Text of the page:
1. Ah, KyotoRedBird, we meet again! Yep, deciding to cut my hair was a struggle for similar reasons. My husband said (and meant) that he’d still find me beautiful if I did it, but he’s just been hard-wired to prefer long hair. I cut mine into a pixie anyway, and enjoyed it – but the whole process was so much more of a soul-search than I ever expected over HAIR.

      Like a dear friend of mine said when I asked her what beauty means: “Beauty shouldn’t be about ‘excepts.'” If I may leave a link here, more of her and others’ smarts are highlighted in a project I did called the Model Community, which ties right in with the brilliance in this post.

      Thank you for writing about unconditional self-love!

      1. My hair falls out periodically. I used to have waist-length hair, but then shortened it because of the hair loss. I played with extensions,wigs, hats, the works.

        Then, 5 years ago, I shaved my head down to a grade 2. My husband was worried, but not because of how it might look, simply how my self-esteem would be if I didn’t like it. It was the single most liberating thing I’ve ever done. As it started to grow out, my husband took me to his barber as he’s really good with razor cut styles. Since then, I’ve never gone anywhere else. I get it shaved on the back and sides and a short spiky top.

        If anyone told me I would look better with long hair, then I would have to throttle them. It’s none of their business. It’s utterly rude and socially unacceptable, and I also think it’s wrong. My husband says the cut really suits me and he likes it this way (although he’s quick to add that it’s my head and my body and I can do what I like, but he will remind me when he likes something) and he’s the only guy hose opinion I give a stuff about.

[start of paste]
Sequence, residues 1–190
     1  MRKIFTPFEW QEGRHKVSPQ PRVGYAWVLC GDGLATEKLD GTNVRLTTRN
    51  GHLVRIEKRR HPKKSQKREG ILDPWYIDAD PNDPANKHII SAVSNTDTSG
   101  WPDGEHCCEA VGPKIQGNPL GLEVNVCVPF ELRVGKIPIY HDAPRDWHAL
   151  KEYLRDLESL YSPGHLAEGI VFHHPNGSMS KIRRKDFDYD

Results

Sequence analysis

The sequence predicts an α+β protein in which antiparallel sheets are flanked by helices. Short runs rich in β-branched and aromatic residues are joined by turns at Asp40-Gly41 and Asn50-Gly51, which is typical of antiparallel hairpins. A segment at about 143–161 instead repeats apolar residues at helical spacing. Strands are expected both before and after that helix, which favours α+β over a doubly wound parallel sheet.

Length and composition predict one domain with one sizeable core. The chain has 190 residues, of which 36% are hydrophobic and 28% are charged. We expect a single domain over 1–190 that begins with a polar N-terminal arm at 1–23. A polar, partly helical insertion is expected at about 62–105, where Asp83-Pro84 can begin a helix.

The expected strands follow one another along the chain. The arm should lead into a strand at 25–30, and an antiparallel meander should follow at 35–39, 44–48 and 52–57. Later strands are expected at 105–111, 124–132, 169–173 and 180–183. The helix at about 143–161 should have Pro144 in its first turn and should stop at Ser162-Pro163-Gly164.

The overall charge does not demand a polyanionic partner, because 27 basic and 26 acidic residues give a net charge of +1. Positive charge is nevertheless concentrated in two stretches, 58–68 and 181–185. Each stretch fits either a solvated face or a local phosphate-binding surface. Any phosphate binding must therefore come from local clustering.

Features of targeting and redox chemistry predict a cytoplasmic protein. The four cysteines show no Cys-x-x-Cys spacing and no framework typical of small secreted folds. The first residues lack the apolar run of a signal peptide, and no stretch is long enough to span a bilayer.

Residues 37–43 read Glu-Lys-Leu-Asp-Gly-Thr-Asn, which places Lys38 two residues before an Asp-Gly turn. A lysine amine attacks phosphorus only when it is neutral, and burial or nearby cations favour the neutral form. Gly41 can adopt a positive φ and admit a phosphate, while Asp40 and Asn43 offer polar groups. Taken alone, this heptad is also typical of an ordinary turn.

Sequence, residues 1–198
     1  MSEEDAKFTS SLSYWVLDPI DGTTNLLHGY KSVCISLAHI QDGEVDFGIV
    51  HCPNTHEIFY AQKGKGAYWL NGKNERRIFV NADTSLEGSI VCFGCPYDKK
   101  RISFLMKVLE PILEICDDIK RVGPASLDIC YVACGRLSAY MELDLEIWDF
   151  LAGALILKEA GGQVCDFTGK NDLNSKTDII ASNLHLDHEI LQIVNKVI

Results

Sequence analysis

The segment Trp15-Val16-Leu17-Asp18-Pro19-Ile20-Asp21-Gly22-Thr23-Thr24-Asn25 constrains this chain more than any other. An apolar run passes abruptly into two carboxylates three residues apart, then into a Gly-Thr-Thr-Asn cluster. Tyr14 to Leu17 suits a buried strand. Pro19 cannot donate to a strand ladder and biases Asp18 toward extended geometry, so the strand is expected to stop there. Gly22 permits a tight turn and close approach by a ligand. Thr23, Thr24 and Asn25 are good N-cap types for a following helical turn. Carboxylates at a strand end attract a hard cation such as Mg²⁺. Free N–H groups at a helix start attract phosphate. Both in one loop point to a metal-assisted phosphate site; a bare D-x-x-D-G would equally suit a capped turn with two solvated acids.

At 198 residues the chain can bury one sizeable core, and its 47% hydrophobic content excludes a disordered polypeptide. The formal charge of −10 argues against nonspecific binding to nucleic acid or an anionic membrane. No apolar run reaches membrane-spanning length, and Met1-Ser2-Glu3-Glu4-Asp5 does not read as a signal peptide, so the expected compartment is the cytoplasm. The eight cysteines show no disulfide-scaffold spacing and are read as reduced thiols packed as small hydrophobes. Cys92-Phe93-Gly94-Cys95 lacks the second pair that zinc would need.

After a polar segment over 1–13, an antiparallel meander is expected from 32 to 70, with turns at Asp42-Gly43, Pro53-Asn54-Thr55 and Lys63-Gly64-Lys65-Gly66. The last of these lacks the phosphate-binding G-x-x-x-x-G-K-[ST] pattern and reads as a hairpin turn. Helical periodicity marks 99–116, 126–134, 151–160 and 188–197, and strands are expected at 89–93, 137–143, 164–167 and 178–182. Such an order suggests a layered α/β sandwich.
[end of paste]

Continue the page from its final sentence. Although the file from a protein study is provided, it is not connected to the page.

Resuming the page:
I have, however, been stopped in public and had positive comments about it. An older gentleman stopped me at a trade fair a few months ago, apologised profusely for the intrusion, and said he had to tell me that he wasn’t trying to be creepy or weird, but he thought my hair was ‘lovely’. It made my day. As the other commentators have said, what’s wrong with just being nice to people. When they look lovely, tell them so. If your opinion on improvements is not requested, then its not required.

      2. Charley, my husband prefers my shorter hair, too. I am growing it out right now, but not because some guy told me to. I just haven’t had long hair in a really long time and my face has changed a lot over the past five years. I’m curious as to how it would look now. Plus I’m a huge fan of pin-up hair and I want to have victory curls! It’s not for male approval; it’s for my own pleasure.

      3. As it should be! Hair is fun. I wish you great success with the victory curls.

        With my lack of grooming skills, I can’t imagine doing them on myself, but I can envision how great they’d look on you with that vivid red!

      4. I have no hair skills, either. But it’s never too late to learn! I am prepared for vast amounts of trial and error. 🙂

  2. More women do need to just own who they are I didn’t ask anyone about getting tattoos, piercings, hair color/s or gauging my ears to 1/2 inch I don’t care if anyone else likes it I do.

  3. I totally receive your message; I’m the same way….but then immediately felt guilty as f*ck because I actually pulled that line out on my 12yr old daughter who wants to dye her hair. She looks so pretty with her natural color….why change it to black…or blonde…or auburn….I let her cut it in any style she wants but the color thing….uhg…..

    1. I totally get it. No kids myself, but I nanny full time for three, part time for five, so I can understand. I think that kind of falls under the “wear what you want unless you’re a child” thing. At 12, does she really need to dye her hair? No. Is there a better way to get that through to her without sacrificing that lesson? Damned if I know. Let’s brainstorm!